What is the Ability Chain from Tiny Habits? What are the five factors for success?
When trying to form a new habit, there are three components: motivation, ability, and prompt. The ability component can be thought of as a chain with five links. or the ability chain. These five links, or the five factors for success, are time, money, physical effort, mental effort, and how easy it is to incorporate the habit into your routine.
Keep reading to learn more about the ability chain and its five links.
Five Factors for Success
Before we can jump into a discussion about the Ability Chain and the five factors for success, we have to quickly review the Fogg Behavior Model. The Fogg Behavior Model is a simple formula that lets you pick apart the components of any particular behavior. This formula is B = MAP, where B is Behavior, M is Motivation, A is Ability, and P is Prompt. A behavior only happens when all three MAP variables are present at the same time.
Let’s look at each of these components in turn:
- Motivation is less important than most of us think. It’s unreliable, it’s hard to budge, and some of our motivations are unconscious or conflict with one another. On top of that, motivation can be especially difficult to muster when we’re stressed.
- Ability is how easy or difficult it is for us to do the behavior. We can work with Ability in two ways: by improving our own skills, or by making the behavior easier (the central method in Tiny Habits).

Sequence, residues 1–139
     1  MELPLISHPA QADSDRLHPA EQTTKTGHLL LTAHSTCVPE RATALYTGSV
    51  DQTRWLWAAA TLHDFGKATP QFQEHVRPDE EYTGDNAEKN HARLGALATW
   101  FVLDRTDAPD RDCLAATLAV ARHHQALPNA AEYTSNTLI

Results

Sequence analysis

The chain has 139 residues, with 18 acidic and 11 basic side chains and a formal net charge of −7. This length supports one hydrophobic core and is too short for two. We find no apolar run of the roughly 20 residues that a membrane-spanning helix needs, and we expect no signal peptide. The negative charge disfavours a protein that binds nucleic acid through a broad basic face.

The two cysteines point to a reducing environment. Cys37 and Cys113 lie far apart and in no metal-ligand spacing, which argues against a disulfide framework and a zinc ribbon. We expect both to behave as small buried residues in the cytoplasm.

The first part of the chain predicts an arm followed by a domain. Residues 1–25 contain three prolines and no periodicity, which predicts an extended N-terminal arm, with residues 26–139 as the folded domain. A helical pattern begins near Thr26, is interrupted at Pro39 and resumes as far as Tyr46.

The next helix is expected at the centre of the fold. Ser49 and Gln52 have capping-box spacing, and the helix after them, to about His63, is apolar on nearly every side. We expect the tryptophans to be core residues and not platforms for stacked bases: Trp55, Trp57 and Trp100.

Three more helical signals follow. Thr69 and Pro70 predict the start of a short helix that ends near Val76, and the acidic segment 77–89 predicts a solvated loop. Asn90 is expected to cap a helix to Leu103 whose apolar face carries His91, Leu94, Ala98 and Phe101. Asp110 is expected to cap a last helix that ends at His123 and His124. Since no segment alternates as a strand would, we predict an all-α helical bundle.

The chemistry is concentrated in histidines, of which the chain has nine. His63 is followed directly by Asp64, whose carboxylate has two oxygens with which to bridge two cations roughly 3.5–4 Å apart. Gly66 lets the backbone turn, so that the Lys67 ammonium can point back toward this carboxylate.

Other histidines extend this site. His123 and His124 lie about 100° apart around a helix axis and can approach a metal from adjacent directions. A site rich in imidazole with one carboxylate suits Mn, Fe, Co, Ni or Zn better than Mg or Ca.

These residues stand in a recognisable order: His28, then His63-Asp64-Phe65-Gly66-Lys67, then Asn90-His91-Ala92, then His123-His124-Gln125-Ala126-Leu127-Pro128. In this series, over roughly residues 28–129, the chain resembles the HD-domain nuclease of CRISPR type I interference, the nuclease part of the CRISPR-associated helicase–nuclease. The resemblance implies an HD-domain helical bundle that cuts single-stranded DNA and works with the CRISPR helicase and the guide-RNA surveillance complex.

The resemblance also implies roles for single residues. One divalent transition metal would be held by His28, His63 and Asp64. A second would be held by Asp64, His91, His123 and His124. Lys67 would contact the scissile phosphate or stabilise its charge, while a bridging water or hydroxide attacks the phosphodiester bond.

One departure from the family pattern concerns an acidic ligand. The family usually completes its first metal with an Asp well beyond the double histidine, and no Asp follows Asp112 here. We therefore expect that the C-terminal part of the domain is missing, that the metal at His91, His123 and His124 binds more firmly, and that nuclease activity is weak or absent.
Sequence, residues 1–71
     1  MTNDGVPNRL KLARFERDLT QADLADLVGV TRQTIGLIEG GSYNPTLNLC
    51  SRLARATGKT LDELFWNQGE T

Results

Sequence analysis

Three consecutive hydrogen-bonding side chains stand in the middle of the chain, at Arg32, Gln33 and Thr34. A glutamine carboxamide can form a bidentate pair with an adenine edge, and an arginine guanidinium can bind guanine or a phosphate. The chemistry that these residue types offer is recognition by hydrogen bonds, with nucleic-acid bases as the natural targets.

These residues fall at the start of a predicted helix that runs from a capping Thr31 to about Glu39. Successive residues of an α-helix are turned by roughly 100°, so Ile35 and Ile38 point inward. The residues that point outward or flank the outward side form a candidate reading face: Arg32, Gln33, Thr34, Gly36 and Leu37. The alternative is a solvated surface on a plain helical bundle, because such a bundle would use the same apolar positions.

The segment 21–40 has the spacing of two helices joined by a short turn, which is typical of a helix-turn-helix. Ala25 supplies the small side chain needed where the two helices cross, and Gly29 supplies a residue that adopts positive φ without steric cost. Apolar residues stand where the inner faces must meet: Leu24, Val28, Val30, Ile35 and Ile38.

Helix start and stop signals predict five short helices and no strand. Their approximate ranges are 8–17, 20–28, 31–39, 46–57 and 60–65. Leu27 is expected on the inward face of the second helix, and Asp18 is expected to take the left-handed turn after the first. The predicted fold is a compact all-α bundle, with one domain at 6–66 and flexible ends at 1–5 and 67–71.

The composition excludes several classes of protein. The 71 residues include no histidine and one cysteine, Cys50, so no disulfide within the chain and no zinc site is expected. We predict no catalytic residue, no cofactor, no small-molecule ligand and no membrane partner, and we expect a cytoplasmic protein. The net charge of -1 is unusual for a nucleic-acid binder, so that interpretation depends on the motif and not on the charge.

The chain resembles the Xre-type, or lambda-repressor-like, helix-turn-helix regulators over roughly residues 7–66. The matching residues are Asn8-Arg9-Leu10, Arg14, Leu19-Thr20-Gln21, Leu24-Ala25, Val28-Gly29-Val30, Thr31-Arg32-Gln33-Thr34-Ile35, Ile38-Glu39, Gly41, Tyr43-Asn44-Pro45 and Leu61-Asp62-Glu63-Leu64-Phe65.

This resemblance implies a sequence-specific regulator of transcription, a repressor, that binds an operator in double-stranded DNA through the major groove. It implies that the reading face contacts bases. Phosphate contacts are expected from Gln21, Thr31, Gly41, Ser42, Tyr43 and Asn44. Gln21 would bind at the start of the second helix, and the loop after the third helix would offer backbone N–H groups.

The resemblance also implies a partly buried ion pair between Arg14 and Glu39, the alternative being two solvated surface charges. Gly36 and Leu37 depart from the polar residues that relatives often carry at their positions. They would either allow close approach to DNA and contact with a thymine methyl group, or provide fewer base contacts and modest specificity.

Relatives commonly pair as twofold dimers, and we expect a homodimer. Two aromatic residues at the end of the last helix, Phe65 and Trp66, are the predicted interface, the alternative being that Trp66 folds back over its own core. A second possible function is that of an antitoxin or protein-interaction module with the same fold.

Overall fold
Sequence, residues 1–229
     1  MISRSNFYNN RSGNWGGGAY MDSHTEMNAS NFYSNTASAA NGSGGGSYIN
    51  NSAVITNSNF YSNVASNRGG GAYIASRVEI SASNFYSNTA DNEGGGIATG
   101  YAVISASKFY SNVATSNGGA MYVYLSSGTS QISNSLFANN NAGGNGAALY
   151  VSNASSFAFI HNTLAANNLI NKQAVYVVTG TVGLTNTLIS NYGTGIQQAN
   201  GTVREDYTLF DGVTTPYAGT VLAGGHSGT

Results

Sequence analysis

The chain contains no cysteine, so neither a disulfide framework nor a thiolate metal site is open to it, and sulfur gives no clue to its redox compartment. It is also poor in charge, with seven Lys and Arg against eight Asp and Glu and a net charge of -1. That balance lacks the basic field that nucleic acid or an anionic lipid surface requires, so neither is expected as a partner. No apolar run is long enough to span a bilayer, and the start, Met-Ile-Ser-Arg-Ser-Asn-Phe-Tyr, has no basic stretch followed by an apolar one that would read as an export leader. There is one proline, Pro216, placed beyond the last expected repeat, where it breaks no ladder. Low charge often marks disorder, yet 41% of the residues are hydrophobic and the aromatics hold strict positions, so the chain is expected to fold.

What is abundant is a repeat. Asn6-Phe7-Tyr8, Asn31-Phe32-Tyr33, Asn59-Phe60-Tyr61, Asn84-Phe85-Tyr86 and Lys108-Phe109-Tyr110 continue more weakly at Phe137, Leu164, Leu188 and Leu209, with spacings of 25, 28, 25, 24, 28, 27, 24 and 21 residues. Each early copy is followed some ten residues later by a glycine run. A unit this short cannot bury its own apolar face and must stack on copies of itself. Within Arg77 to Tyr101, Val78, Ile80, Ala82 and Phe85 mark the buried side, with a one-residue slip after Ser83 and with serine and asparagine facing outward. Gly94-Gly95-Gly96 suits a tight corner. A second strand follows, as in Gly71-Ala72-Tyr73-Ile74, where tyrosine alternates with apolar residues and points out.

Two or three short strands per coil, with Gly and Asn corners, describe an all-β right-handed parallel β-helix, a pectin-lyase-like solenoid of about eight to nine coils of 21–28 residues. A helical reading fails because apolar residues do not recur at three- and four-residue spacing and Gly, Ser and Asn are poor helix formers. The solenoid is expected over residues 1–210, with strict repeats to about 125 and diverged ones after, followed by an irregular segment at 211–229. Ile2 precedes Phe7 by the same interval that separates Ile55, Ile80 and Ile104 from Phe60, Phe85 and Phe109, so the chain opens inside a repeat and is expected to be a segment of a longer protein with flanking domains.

- The Prompt is your reminder to do the behavior. Without the Prompt, it doesn’t matter how high your Ability and Motivation are—the behavior won’t happen.
This article will focus on the Ability portion of the equation.
The Ability Chain
You can visualize the Ability component in B = MAP as a chain with five links: time, money, physical effort, mental effort, and compatibility with existing routines. Those are the five factors for success and, as with all chains, the Ability Chain is only as strong as its weakest link.
To target Ability effectively, we use two questions: a discovery question and a breakthrough question. The discovery question diagnoses the weak link. The breakthrough question tells us how to strengthen it.
Diagnosing the Weak Ability Chain Link
The discovery question is: What factor making this behavior difficult?
“Difficult” doesn’t have to mean very difficult—it refers to any amount of difficulty that is stopping you from doing the behavior.
Often our perception of the difficulty is more important than the actual difficulty of an activity.
We can break down the discovery question into the five factors for success:
- Do I have enough time to do this?
- Do I have enough money to do this?
- Does this require a lot of physical effort?
- Does this require a lot of mental effort?
- Can I incorporate this easily into my daily routine?
Let’s say you want to start eating blueberries as a daily snack.
Time. Eating blueberries doesn’t take a lot of time.
Money. Fresh blueberries can be quite expensive.
Physical effort. Eating blueberries doesn’t require much physical effort.